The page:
Last fall I was delighted to line up another gig with the UMSL Public Policy Research Center’s Photography Project. In 2008, I’d worked on the Cherokee Street photography project with Mel Watkins, the project’s director, and Jean Durel, who commissioned the project on behalf of Incarnate Word’s “Heart and Soul” Community building efforts in Benton Park West. I really enjoyed the teaching ethic of ‘support role’/ facilitator — giving youth the skills and tools to tell their own story, and staying out of the way as much as possible. Our project bloomed into the “yOur voice yOur neighborhood” banners and the cherokeestreetnews.org neighborhood blog, as well a community digital photo archive.
Mel and I reconnected when she invited me to edit the Photography Project’s website (live soon!) — and as I did so, I marveled at the multifaceted, diverse ‘family photo album’ of STL’s many organizations and people groups that comprise the project. Since its inception in 2004, the project has documented over 30 groups.
Below is the brochure’s essay on City Greens Produce, the organization I worked with last fall. I was so impressed with their dedication, wisdom, and humility — they have their vision squarely set on the issues of health and food safety, and they are a beautiful testimony to the way that gardening and sharing food unite and empower a community. You are cordially invited to our opening!
OPENING RECEPTION: Tuesday, January 17th at 5:30 to 7pm
• Catholic Charities Midtown Center • Website: midtowncc.org
• 1202 S. Boyle Avenue, St. Louis, 63110 • Info: 314-534-1180
• Hours: 9 – 5 weekdays • Saturdays: Jan. 21, Feb. 18 and March 10, 1-4 pm
Brochure essay }} Descend the stair to the cheery, yellow basement of Midtown Catholic Charities and behold: the smell of sautéed garlic and onions draws you in immediately. In the back, fresh vegetables are simmering, soon to be served up in hot wraps for lingering shoppers to sample. Powerhouse volunteer Bobbie Sykes has proven that one sure-fire way to seduce skeptics into eating a healthier diet is through happy taste buds. She muses, “I like to make community hunger disappear. There are no right or wrong foods but we should try to use them healthier.”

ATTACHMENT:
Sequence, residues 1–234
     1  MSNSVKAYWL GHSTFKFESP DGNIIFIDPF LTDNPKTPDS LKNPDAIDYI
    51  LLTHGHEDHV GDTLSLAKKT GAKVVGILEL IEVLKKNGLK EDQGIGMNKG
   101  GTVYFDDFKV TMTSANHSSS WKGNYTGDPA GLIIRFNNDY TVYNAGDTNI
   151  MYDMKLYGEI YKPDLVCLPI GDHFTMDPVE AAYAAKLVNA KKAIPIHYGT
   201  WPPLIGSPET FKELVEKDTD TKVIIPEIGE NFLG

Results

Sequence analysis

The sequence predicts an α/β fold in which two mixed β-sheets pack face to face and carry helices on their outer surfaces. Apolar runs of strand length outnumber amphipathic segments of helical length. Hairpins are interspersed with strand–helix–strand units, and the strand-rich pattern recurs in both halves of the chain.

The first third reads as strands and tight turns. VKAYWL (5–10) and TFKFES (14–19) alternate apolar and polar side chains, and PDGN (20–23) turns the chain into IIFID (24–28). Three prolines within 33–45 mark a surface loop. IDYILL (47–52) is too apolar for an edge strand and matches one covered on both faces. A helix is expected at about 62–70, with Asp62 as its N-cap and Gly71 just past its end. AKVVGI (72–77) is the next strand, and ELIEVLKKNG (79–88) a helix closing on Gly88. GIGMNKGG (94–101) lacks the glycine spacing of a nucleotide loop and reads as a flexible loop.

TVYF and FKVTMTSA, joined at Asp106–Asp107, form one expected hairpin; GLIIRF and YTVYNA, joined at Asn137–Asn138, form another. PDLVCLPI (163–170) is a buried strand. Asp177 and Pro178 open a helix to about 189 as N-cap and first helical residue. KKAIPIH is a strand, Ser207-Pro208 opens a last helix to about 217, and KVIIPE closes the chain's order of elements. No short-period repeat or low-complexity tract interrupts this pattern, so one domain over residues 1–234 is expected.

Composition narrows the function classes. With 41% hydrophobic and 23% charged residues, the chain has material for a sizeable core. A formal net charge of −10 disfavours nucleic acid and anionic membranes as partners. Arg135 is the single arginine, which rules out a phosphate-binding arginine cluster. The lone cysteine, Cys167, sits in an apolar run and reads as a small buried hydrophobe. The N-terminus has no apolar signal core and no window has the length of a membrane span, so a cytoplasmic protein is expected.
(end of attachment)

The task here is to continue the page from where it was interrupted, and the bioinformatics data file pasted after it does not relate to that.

Welcome to City Greens Produce, an innovative nonprofit dynamically living up to its vision: “Our community should have access to healthy, fresh, and affordable choices to fuel our bodies and minds. People unite around food–sharing meals and memories. At City Greens our community is uniting to make sure each of us has the opportunity to enjoy fresh fruits and vegetables – from the good earth to our family’s tables.” Here, neighbors living below the poverty guideline enjoy free memberships to shop for delicious, at-cost, tax-free, organic, local food. Sponsoring members make a yearly donation. Tables are stocked with produce from Lincoln County, Missouri and other local goodies such as Companion Bakery bread, Hilty’s Bee Yard jams and honey, Mound City Peanut Butter, and Freddy’s Ghetto Sauce.
Our photography project participants were a diverse crew ranging in age from 15-67 and including Midtown staff and volunteers, as well as the center’s director and a volunteer’s granddaughter. We started off taking notes on Edward Weston’s inquiry into the formal beauty of simple produce. Then we followed cues from Roy DeCarava’s poetic documentation of Harlem’s coming-of-age as we explored the community garden and took field trips following the path of the Supa Fresh Veggie Mobile – the lime green market-on-wheels that takes City Greens’ affordable produce to other St. Louis districts. Finally, in preparation for our own collaborative feast, we inquired after the deeper meaning of breaking bread together, inspired by Carrie May Weems’ “Kitchen Table Series.”
Nyree Thomas remembers, “Our kitchen table was like the living room of our house. And Mama had her seat – everybody knew. Under the plastic table cloth was a puzzle to put together…” It seems that the City Greens Produce market is growing up to be the ‘living room’ of the neighborhood, where gathering around real food and relaxing, hearty laughter is good medicine.
—Lyndsey Scott, PPRC Photography Project Instructor
WHAT IS THE PHOTOGRAPHY PROJECT?
The Photography Project is modeled after the pioneering community photography programs of Wendy Ewald and is sponsored by the Public Policy Research Center at the University of Missouri St. Louis and directed by Mel Watkin. Each year PPRC’s Photography Project teaches volunteer community groups how to photograph their work to improve the quality of life in St. Louis. The resulting exhibition is displayed at two locations, the PPRC Photography Project Gallery on the UMSL campus, and in neighborhoods where the volunteers work. Through these partnerships, the Photography Project strives to bring art directly into St. Louis neighborhoods while also highlighting the undertakings of local organizations working towards the greater good and inspiring people to get involved with their communities.